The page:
In recent decades globalization and its various corollaries such as the abolition of trade barriers, the reorganization of the production process (tight flows, relocation), the dematerialisation of many exchanges, the liberalization of capital flows, the increased speed of information dissemination and the growth of the financial sector, have affected the economic development of many countries and rendered obsolete or ineffective a number of hitherto used policies and regulations.

Until the 1990s fairly regular cycles were observed in Western countries, together with the near-absence of cycles in centrally planned economies. Globalization has increased the links between the economies of various countries, while making the relations between investors and companies seeking funding less close. Cyclical phenomena have either disappeared or been exacerbated, and the characteristics of such cycles, including their frequency, changed considerably as a result of temporal acceleration. Policies and regulations have had to be quickly readjusted to this new environment, whether they concern prudential regulation, accounting standards, trade rules, taxation or monetary policy, with the aim, at least in theory, of ensuring a degree of economic stability, especially in the financial system.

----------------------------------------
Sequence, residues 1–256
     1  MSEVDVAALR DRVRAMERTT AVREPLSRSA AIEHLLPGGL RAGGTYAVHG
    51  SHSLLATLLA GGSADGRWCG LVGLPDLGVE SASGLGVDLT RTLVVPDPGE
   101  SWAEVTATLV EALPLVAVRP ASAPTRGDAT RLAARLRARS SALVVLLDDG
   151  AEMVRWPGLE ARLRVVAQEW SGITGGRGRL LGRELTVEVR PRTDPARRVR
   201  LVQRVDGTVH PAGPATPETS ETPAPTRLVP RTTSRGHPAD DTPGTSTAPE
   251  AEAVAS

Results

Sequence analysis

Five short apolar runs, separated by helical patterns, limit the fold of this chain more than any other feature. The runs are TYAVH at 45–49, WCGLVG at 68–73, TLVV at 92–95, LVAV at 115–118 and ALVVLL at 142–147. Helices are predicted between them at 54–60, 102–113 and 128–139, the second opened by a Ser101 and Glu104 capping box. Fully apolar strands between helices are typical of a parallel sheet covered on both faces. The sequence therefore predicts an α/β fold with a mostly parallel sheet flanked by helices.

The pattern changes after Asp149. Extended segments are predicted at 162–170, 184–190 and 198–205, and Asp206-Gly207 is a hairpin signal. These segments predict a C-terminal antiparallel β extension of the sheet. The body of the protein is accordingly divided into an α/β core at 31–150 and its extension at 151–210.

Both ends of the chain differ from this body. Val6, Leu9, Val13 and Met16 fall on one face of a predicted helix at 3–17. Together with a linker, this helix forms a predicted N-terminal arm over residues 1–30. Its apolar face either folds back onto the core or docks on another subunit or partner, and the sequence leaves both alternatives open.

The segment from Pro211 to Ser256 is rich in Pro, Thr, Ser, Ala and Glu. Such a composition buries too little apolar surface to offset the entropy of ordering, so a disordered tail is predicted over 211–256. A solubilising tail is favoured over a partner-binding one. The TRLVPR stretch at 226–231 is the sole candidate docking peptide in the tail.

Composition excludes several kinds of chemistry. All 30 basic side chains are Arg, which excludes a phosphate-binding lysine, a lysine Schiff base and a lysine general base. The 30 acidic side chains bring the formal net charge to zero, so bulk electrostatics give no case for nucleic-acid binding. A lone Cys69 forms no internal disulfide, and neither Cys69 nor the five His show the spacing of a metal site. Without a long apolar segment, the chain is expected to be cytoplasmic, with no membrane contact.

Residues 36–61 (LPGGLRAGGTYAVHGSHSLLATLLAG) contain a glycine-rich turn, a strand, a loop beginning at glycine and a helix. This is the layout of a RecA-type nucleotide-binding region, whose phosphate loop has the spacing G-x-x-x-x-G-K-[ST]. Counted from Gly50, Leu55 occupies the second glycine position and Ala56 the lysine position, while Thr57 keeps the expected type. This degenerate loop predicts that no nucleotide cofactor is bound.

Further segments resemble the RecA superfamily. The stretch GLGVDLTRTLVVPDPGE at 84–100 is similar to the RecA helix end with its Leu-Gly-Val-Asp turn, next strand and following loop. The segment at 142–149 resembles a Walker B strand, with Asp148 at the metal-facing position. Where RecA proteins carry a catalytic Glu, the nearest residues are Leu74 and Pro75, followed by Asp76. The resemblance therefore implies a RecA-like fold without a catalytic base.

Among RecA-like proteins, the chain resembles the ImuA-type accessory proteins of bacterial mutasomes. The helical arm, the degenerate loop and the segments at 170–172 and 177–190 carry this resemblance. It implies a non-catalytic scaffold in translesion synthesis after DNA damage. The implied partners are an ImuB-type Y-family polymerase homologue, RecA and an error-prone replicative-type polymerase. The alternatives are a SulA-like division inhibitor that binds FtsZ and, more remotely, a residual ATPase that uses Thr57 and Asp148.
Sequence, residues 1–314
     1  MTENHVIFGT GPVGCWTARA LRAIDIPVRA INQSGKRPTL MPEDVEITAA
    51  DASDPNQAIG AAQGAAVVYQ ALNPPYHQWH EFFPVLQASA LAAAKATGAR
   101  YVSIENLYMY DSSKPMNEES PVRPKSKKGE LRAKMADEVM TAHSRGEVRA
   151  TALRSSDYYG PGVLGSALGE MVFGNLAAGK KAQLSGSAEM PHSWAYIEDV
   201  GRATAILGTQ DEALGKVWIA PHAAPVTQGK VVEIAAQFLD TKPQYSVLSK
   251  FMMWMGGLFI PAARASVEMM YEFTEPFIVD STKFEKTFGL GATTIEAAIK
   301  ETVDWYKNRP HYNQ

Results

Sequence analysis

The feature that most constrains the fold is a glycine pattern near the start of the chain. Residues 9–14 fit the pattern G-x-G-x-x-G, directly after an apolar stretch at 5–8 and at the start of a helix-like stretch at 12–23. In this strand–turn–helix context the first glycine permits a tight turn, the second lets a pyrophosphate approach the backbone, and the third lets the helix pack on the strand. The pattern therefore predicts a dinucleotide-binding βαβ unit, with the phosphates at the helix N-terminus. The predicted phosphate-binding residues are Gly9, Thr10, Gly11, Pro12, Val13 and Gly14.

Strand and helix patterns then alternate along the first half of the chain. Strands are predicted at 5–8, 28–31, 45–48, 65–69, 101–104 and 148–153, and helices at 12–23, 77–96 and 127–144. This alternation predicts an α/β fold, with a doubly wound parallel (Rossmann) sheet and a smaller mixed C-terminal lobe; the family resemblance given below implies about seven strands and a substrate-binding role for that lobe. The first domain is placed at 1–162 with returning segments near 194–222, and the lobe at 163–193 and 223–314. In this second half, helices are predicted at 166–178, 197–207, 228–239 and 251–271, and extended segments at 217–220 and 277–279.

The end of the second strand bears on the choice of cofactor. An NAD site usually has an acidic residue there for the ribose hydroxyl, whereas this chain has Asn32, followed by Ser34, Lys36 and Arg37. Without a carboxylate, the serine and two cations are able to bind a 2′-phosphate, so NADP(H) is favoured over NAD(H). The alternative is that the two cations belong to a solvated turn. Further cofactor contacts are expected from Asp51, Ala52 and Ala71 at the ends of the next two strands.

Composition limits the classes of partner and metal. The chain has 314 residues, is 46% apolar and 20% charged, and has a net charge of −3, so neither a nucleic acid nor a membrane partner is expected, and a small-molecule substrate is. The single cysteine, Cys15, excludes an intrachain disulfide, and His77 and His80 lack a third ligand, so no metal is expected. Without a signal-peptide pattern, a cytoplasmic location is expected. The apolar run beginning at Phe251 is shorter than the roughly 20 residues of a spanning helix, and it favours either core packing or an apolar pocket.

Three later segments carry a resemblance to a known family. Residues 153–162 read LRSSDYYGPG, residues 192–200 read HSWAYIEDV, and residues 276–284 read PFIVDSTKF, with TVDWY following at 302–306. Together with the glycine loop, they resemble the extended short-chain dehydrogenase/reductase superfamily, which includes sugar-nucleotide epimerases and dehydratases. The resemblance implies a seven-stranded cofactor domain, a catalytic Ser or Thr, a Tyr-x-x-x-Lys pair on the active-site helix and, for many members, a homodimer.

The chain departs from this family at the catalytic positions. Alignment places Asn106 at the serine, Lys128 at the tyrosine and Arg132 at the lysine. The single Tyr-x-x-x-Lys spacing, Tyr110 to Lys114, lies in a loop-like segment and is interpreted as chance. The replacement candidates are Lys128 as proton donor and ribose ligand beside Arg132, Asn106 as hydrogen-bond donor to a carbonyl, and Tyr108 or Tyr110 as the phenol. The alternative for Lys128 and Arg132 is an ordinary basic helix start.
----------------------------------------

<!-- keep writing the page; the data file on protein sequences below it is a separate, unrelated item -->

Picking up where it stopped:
From the 1990s onwards this shift has led to globally coordinated regulations and policies, in relation to, for instance, the World Trade Organization (WTO), new accounting standards, Basel 3 financial regulations (transcribed into the European Capital Requirement Directive (CRD IV)) and the fight against tax havens.

The recent financial and economic crisis has shown that this new environment was still poorly understood and that certain policies and regulations had underlain and amplified the crisis. In the hunt for its causes and the often biased and unargued debates that followed, blame was placed variously on the role of mathematical finance, the rating agencies, U.S. economic policy, the absence of regulation (the black holes of finance, i.e. shadow banking), the greed of bankers, and the procyclicality of certain financial regulations.

Stéphane Auray et Christian Gouriéroux

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